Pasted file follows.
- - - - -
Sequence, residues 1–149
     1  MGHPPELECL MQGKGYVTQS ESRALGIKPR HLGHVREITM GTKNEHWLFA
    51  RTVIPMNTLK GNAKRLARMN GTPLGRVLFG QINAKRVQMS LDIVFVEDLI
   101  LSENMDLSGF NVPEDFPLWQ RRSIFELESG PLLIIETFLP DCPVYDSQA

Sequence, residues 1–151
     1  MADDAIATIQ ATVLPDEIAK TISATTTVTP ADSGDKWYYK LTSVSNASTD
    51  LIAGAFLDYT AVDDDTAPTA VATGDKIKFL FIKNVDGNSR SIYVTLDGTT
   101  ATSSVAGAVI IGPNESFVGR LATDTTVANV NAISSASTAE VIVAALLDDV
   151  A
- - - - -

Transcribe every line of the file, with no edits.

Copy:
Sequence, residues 1–149
     1  MGHPPELECL MQGKGYVTQS ESRALGIKPR HLGHVREITM GTKNEHWLFA
    51  RTVIPMNTLK GNAKRLARMN GTPLGRVLFG QINAKRVQMS LDIVFVEDLI
   101  LSENMDLSGF NVPEDFPLWQ RRSIFELESG PLLIIETFLP DCPVYDSQA

Sequence, residues 1–151
     1  MADDAIATIQ ATVLPDEIAK TISATTTVTP ADSGDKWYYK LTSVSNASTD
    51  LIAGAFLDYT AVDDDTAPTA VATGDKIKFL FIKNVDGNSR SIYVTLDGTT
   101  ATSSVAGAVI IGPNESFVGR LATDTTVANV NAISSASTAE VIVAALLDDV
   151  A